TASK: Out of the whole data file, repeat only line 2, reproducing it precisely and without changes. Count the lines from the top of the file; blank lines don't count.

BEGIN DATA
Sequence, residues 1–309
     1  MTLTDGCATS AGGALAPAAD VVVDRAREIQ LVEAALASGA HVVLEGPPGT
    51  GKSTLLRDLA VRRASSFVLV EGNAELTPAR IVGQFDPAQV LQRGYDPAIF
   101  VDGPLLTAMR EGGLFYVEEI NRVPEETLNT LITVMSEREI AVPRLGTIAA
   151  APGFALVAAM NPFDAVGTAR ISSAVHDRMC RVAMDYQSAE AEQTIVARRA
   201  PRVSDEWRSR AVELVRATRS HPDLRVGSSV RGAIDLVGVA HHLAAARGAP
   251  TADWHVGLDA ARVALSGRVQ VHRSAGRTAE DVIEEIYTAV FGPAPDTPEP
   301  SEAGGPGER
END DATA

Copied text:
     1  MTLTDGCATS AGGALAPAAD VVVDRAREIQ LVEAALASGA HVVLEGPPGT